How to Block a Punch

When your opponent unleashes a punch, sometimes it’s difficult to get away so you have to resort to blocking it. When you block a punch, you can get a feel of how hard your opponent punches and whether he drops his guard when throwing.

However, it’s not always as easy as it seems to block, especially when there’s a barrage of punches. Learn how to block a punch properly to ensure that you minimize the risks associated with blocking punches.

If you want to learn step-by-step the boxing fundamentals, I would recommend you to check out the How to Box in 10 Days course, which has helped thousands of fighters and non-fighters online.

The Fundamentals of Blocking a Punch

how to block a punch

  • Keep Your Guard High (1): Half the palm of your glove should be covering the side of your face while the other half should be sticking out so you don’t get caught with your nose or chin sticking out.
  • Stay Loose Then Tighten: Keep your guard up high and stay compact, but remain loose, not tense. Only tighten your defense (like a turtle shell) as a punch is coming towards you.
  • Keep Your Eyes Focused (2): Even though your guard is up high, you’ll be able to identify when your opponent is going to make a move if you focus on his center chest / chin area. You will see his shoulders moving especially when he throws hooks.
  • Tuck In Your Chin and Elbows (3) : Keep your chin down low towards your chest and your elbows tucked in covering your kidney sections.
  • Maintain Your Stance: Always maintain your original foot positioning in your stance. This gives you stability and keeps your weight centered so you don’t get knocked off-balance. When you get cornered or trapped on the ropes, it’s harder to maintain your stance, which is why you move out that vulnerable position.
  • Roll With the Punch: Though you’re blocking the punch, you should always roll with it to minimize the impact of it and to get yourself in position for a counter or to block the next punch. This is crucial when facing big punchers because just the force of their punches will cause your body to shift if you don’t roll with them.
  • Block and Counter: Don’t try to block everything that comes your way without counterpunching, otherwise your opponent will lose respect for you and will overwhelm you with punches. As soon as you feel their glove touch your glove, come back with a short cross or lead hook (your main counterpunches when blocking).

 

How to Block Punches

Please note: The following points are made assuming that you and your opponent are both the same stance.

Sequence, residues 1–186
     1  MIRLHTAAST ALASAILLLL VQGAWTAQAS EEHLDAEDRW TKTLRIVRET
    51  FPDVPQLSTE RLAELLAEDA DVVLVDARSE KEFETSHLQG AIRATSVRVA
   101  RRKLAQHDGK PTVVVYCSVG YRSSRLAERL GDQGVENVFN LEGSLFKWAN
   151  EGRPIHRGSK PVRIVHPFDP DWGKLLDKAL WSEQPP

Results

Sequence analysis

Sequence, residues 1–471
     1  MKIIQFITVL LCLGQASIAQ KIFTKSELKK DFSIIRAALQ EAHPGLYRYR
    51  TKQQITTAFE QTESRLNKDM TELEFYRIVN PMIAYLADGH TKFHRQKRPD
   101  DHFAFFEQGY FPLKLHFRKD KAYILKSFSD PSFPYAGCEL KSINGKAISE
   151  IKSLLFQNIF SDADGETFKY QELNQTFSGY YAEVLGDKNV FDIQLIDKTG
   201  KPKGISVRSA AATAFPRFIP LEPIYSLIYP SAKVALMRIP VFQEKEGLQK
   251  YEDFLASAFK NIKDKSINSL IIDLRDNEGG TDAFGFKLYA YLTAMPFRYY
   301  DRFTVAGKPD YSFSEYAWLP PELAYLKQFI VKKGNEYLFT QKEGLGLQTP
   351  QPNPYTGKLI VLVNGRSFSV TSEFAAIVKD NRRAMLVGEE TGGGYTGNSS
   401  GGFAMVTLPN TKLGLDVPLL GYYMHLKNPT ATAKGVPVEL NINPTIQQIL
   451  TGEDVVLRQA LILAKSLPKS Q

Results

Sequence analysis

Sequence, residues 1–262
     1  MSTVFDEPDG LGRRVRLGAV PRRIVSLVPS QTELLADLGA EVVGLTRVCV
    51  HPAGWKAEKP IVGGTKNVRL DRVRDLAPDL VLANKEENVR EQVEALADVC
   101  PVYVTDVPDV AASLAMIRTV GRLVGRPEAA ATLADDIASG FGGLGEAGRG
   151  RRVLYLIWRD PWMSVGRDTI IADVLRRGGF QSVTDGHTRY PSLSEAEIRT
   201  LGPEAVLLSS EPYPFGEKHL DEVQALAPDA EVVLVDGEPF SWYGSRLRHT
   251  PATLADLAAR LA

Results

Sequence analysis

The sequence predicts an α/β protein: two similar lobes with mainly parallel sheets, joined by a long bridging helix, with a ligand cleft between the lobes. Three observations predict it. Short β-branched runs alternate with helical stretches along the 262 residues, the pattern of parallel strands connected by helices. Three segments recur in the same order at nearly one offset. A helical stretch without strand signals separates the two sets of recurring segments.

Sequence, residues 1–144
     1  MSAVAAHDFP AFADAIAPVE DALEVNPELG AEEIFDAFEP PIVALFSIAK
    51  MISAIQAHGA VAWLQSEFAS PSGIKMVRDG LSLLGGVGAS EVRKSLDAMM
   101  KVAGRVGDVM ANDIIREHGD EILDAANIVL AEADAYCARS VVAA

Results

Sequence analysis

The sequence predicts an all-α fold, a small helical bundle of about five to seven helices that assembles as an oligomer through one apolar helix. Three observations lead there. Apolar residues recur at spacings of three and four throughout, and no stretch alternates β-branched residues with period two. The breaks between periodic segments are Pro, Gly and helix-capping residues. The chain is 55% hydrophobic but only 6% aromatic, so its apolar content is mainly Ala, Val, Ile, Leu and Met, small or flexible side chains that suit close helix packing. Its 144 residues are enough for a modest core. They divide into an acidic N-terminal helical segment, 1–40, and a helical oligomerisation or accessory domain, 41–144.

Blocking Hooks

Blocking the Lead Hook
To block the lead hook to your head, use your rear arm to catch the punch and roll with it at the same time. You do this by rotating your hips anti-clockwise (if you’re both orthodox) or clockwise (if you’re both southpaws). Doing this successfully will leave you in a great position to counter with your own lead hook.

The clip on the right shows James Toney blocking the lead hook to the body and head, then quickly counters with a short rear hook, though he could just have easily thrown the lead hook also.

Blocking the Rear Hook and Overhand
To block an overhand or the rear hook, you catch the punch with your lead arm and rotate your hips clockwise (if you’re both orthodox) or anti-clockwise (if you’re both southpaws). You can then counter with a lead hook, a short cross, rear hook or overhand.

Blocking Hooks to the Body
This is the exact same method as blocking hooks upstairs, but you must lean slightly to the side that the punch is coming from to catch the punches with your elbows. You don’t lower your arms because your opponent may follow up with a hook upstairs.

 

Blocking Uppercuts

To block either the rear or lead uppercut, follow the exact same method for blocking hooks. You’ll find that as you rotate your hips, the uppercut will be deflected and will just graze past your arm.

Be careful not to bend at the waist and lean forward otherwise you may just end up meeting an uppercut head-on.

Blocking Crosses

Blocking the Cross to the Head
The cross comes from the opponent’s rear hand, so you must block it as though it were a rear hook or overhand, and you must rotate your body a bit further since the cross comes in a straight line and not from the side.